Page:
Antony himself was such an endearing presence and with a full band and string section, he produced some truly gorgeous moments — I still get shivers at the thought of it. His cover of Beyonce’s ‘Crazy In Love’ shouldn’t have worked, but it did; and most of that I Am a Bird Now album was so so good.
John Legend was also incredible last year, and would’ve been worth it for his backing band alone — funk and soul heaven!
My one dud there was Kanye’s first visit in 2006. Some great music, but too stop-start, and his ego got in the way of the performance. I’d made the choice that year between him and Roger Waters and totally backed the wrong horse. At least when Kanye returned in 2009, he was supposedly much better.
Joe Dermody, journalist
When Peter Aiken was the guest interviewee in the ‘Red Chair’ at a Smarter Egg business talk earlier this year in Ballincollig, he recounted meeting Roger Waters some years ago backstage at a show in New York.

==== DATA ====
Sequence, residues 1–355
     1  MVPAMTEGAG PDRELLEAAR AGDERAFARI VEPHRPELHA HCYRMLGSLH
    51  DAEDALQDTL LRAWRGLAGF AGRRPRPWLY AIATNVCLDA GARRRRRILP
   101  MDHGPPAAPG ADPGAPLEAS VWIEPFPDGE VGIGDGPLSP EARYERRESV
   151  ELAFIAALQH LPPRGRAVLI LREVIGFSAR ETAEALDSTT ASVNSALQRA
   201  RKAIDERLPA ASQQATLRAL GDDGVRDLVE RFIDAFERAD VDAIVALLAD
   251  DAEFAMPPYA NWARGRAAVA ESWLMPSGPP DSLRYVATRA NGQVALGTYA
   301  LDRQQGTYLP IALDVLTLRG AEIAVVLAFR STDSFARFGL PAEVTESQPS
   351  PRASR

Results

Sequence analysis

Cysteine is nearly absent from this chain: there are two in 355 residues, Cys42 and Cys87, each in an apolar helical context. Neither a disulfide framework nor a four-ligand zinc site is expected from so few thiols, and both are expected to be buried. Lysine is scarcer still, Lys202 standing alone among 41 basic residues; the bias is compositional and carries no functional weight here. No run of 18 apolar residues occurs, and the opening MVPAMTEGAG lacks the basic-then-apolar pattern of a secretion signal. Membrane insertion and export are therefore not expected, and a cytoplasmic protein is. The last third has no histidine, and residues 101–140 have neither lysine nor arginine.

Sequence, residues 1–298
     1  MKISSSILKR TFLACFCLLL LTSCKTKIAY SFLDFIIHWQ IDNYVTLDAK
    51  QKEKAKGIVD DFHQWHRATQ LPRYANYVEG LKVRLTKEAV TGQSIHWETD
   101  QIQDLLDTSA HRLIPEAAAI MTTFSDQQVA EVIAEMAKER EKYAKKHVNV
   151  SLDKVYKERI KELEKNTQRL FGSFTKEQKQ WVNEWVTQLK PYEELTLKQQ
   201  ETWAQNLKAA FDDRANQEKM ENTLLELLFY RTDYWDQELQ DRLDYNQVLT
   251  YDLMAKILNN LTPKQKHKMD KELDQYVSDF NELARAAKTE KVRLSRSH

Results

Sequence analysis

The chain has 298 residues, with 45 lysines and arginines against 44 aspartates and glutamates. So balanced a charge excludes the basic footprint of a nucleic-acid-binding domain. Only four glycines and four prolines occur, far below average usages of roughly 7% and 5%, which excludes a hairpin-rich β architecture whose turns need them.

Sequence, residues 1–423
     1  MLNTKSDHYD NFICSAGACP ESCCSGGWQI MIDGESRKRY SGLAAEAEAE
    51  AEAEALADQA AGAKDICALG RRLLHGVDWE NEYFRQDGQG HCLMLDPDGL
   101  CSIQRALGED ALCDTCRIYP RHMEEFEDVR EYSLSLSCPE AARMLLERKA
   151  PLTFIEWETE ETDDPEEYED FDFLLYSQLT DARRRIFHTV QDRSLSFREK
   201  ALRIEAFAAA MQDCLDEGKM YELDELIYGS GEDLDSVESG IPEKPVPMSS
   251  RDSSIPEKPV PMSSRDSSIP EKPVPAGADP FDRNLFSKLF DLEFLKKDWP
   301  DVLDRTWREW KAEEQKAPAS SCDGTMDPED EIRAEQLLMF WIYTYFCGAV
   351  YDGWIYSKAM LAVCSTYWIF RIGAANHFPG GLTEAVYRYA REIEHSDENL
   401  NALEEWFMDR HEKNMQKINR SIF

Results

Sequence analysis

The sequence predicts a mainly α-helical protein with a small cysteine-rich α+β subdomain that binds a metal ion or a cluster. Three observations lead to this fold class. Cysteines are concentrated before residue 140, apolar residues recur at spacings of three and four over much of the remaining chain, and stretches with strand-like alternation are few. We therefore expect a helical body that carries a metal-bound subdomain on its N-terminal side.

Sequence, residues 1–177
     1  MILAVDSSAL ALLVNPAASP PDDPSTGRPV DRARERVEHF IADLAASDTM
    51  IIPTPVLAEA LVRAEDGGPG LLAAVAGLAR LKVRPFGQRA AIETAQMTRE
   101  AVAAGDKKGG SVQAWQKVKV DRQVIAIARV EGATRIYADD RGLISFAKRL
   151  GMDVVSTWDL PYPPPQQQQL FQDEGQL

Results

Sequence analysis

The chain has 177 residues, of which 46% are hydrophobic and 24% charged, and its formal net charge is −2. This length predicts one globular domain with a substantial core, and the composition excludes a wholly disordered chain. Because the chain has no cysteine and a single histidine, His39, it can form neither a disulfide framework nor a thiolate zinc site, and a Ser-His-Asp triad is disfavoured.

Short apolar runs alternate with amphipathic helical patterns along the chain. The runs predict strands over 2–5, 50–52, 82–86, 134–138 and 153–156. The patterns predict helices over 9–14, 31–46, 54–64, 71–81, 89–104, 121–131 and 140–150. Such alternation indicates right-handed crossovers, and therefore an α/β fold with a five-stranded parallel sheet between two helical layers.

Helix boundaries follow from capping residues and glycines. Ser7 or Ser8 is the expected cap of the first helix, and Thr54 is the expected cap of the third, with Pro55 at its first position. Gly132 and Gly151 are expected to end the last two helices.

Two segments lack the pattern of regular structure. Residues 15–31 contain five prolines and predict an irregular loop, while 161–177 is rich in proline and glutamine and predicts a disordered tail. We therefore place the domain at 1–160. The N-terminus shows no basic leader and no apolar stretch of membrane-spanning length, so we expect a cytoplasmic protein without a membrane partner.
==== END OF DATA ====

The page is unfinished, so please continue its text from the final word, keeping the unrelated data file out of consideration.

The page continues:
Waters was enthusing about his 2006 Marquee appearance, saying it was one of the enjoyable shows he had done in years.
The ex-Pink Floyd frontman was right. He absolutely rocked. It was a night that started well. Everybody was wowed by the big league professionalism, awesome musicianship, incredible vocals, and the huge wraparound sound with stacks of speakers up behind the main bank of seats.
The sound was epic, matched by the giant screens with high-art visuals.
Then an outage of some sort meant Waters had to reboot all of his computers. During the forced interval, the crowd huddled outside the tent, wondering could Waters & Co pick up where they left off? And then some!
On their return, original Floyd drummer Nick Mason joined the band to play the entire of Dark Side of the Moon from start to finish.
The quality of the show was just incredible.
Anyone who ever complained about the sound quality in Marquee had nothing but good things to say about Roger Waters. Arguably, in terms of audio, Sting was another flawless night.
For me, another standout was the way The Coronas opened their show with their 6m silhouettes cast onto a giant white sheet.
A bit low budget next to Roger Waters, but just as impressive; well, almost.